Have Psoriasis? Heres How You Can Reduce Your Risk of Psoriatic Arthritis

If you’re living with psoriasis and are worried about developing psoriatic arthritis, you may be wondering how high your risk is — and whether you can reduce it or even eliminate it altogether.

Psoriatic arthritis is common among people with psoriasis, according to the National Psoriasis Foundation (NPF), affecting about one in three, and often developing about 10 years after psoriasis does. And while the exact cause of psoriatic arthritis is still unknown, genetics play a key role.

“There is a strong hereditary component, especially in first degree relatives. Certain genes are higher risk for creating the specific inflammation marker we see in psoriasis,” says Masoom Modi, MD, a rheumatologist and assistant clinical professor of medicine at the University of California in Los Angeles.

Other factors that contribute to psoriatic arthritis risk include how much of your skin is affected by psoriasis, where the psoriasis is located, and whether you have any other autoimmune diseases, explains Dr. Modi.

“Usually people with more severe psoriasis are at higher risk, as well as certain categories of psoriasis — inverse, scalp, psoriatic nail disease,” says Modi, adding, “Some people who have inflammatory bowel disease, such as Crohn’s disease or ulcerative colitis, may carry a risk of developing psoriatic arthritis, or a subtype called enteropathic arthritis.”

Maintain a Healthy Weight to Lower Your Psoriatic Arthritis Risk

“There is no question there is a link between obesity and psoriasis, and that there is a higher link in those with obesity of developing psoriatic arthritis on top of psoriasis,” says Eric Ruderman, MD, a rheumatologist and professor of medicine in the division of rheumatology at Northwestern University Feinberg School of Medicine in Chicago.

Maintaining a healthy weight plays a vital role in lowering psoriatic arthritis risk, says Modi. Not only can weight loss decrease inflammation in your body if you’re overweight or obese but it can also relieve stress on your joints and tendons, Modi adds. “Extra weight leads to higher demands on the joints and tendons, which can cascade into increased inflammation,” she says.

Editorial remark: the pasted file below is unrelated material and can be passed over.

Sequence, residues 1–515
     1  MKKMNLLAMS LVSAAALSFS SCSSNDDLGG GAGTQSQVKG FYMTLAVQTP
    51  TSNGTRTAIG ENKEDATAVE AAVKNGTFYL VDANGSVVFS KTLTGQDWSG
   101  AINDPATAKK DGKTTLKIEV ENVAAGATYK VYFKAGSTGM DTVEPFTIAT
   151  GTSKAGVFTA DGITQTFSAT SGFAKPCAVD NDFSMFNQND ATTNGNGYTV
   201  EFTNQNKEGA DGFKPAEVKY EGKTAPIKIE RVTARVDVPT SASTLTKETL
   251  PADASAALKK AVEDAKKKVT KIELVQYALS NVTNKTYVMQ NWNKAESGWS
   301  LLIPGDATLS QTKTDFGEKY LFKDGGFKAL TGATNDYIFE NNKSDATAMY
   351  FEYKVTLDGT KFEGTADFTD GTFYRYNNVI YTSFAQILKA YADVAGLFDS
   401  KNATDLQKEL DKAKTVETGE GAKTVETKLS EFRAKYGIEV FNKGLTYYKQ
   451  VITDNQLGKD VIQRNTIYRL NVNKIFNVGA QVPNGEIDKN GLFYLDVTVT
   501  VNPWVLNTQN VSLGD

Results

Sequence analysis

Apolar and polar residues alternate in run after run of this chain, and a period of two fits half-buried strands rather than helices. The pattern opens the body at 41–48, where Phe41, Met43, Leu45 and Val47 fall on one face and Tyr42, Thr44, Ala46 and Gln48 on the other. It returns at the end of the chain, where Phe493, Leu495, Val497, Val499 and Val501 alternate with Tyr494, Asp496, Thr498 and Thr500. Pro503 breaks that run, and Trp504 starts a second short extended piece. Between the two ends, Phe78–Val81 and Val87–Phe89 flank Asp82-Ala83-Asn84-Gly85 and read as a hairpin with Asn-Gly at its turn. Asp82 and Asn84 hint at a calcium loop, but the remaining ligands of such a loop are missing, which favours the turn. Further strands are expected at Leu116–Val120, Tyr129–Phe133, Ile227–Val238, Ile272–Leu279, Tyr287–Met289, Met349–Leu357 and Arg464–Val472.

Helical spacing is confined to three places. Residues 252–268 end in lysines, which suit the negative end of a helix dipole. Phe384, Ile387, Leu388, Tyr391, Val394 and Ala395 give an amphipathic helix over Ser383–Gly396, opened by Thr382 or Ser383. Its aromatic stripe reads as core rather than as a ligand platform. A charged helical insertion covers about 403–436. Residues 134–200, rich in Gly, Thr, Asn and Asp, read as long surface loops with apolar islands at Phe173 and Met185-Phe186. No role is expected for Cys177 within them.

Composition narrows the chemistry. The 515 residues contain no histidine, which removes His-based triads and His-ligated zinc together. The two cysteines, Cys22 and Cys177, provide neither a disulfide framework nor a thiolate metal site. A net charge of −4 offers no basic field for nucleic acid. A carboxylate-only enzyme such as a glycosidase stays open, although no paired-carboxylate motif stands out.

So, how can you reach a healthy weight? One key step is to stick to a healthy, anti-inflammatory diet — which is often recommended for people with psoriasis or psoriatic arthritis, according to the NPF. Some anti-inflammatory foods you can try are:

  • Tomatoes
  • Olive oil
  • Nuts, including walnuts and almonds
  • Green leafy vegetables, such as kale and spinach
  • Fruit, such as cherries, blueberries, oranges, and strawberries
  • Fatty fish, including salmon, tuna, sardines, and mackerel

Dr. Ruderman also recommends limiting processed foods and excess sugar. “A more balanced diet with lots of veggies is always encouraged. Diet is not one size fits all. This may also include going on an elimination diet [a short term diet where you cut out a particular food for two to four weeks to see if your symptoms decline, according to Harvard Health] to determine which foods may trigger your psoriatic arthritis symptoms,” he explains.

On top of diet, staying physically active is another important part of any weight management toolbox. According to the NPF, people with psoriasis should aim to fit in 30 minutes of moderate exercise each day for at least five days a week, along with additional strength-training exercises.

Wondering what exercises to try? The NPF specifically recommends yoga and tai chi to promote flexibility and range of motion.

Care for Your Mental Health to Lower Your Odds of Developing Psoriatic Arthritis

Your mental health could play an important role in preventing psoriatic arthritis. In fact, Modi says stress and anxiety are underrated modifiable risk factors for psoriatic arthritis.

“We tend to think that our mental health does not have an impact on our physical symptoms, when in fact, stress and anxiety have an impact on our bodies’ cortisol levels,” says Modi. “This can directly lead to disruptions in our metabolism and the inflammation cascade.”

Incorporating self-care into your daily routine can give your mental health a boost. According to the Arthritis Foundation, self-care could include:

  • Acupuncture
  • Massage
  • Yoga
  • Physical activity
  • Healthy nutrition
  • Meditation
  • Visualization
  • Support groups

Last, But Not Least: Be Diligent About Your Psoriasis Medication

Modi adds that managing psoriasis with medication may play a role in staving off psoriatic arthritis.

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